UMMS Affiliation

Program in Systems Biology; Department of Biochemistry and Molecular Pharmacology

Publication Date

2020-09-11

Document Type

Article

Disciplines

Amino Acids, Peptides, and Proteins | Biochemistry | Cell Biology | Genetics and Genomics | Structural Biology | Systems Biology

Abstract

During mitosis chromosomes reorganise into highly compact, rod-shaped forms, thought to consist of consecutive chromatin loops around a central protein scaffold. Condensin complexes are involved in chromatin compaction, but the contribution of other chromatin proteins, DNA sequence and histone modifications is less understood. A large region of fission yeast DNA inserted into a mouse chromosome was previously observed to adopt a mitotic organisation distinct from that of surrounding mouse DNA. Here, we show that a similar distinct structure is common to a large subset of insertion events in both mouse and human cells and is coincident with the presence of high levels of heterochromatic H3 lysine nine trimethylation (H3K9me3). Hi-C and microscopy indicate that the heterochromatinised fission yeast DNA is organised into smaller chromatin loops than flanking euchromatic mouse chromatin. We conclude that heterochromatin alters chromatin loop size, thus contributing to the distinct appearance of heterochromatin on mitotic chromosomes.

Keywords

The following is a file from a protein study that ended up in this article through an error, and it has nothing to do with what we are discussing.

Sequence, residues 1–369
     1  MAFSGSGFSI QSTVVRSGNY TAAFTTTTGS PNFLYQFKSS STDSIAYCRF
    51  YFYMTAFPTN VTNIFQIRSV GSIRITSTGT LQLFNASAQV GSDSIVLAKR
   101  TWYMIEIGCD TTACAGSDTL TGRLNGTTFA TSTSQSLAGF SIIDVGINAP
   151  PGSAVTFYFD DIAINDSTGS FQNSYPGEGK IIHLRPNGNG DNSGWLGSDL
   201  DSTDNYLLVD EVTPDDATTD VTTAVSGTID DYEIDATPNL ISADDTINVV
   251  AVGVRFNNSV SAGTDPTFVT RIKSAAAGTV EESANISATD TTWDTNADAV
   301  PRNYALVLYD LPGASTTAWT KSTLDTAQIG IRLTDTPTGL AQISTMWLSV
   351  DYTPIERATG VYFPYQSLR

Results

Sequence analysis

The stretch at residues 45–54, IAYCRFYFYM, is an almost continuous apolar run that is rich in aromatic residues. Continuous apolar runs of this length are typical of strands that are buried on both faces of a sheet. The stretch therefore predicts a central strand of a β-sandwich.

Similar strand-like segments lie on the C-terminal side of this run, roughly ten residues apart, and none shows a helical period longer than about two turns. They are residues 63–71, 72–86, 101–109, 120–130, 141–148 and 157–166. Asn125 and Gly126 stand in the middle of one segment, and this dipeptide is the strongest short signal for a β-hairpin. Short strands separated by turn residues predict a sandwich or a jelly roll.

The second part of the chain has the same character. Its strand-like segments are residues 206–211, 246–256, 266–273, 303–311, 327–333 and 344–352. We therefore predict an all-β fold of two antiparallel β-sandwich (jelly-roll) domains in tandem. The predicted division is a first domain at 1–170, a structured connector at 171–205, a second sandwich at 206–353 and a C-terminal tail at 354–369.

S. pombe, cell biology, chromosome structure, chromosomes, condensin, gene expression, heterochromatin, human, loop extrusion, mouse

Rights and Permissions

© 2020, Fitz-James et al. This article is distributed under the terms of the Creative Commons Attribution License, which permits unrestricted use and redistribution provided that the original author and source are credited.

DOI of Published Version

10.7554/eLife.57212

Source

Fitz-James MH, Tong P, Pidoux AL, Ozadam H, Yang L, White SA, Dekker J, Allshire RC. Large domains of heterochromatin direct the formation of short mitotic chromosome loops. Elife. 2020 Sep 11;9:e57212. doi: 10.7554/eLife.57212. PMID: 32915140; PMCID: PMC7515631. Link to article on publisher's site

Journal/Book/Conference Title

eLife

Related Resources

Link to Article in PubMed

PubMed ID

32915140

Creative Commons License

Creative Commons Attribution 4.0 License
This work is licensed under a Creative Commons Attribution 4.0 License.

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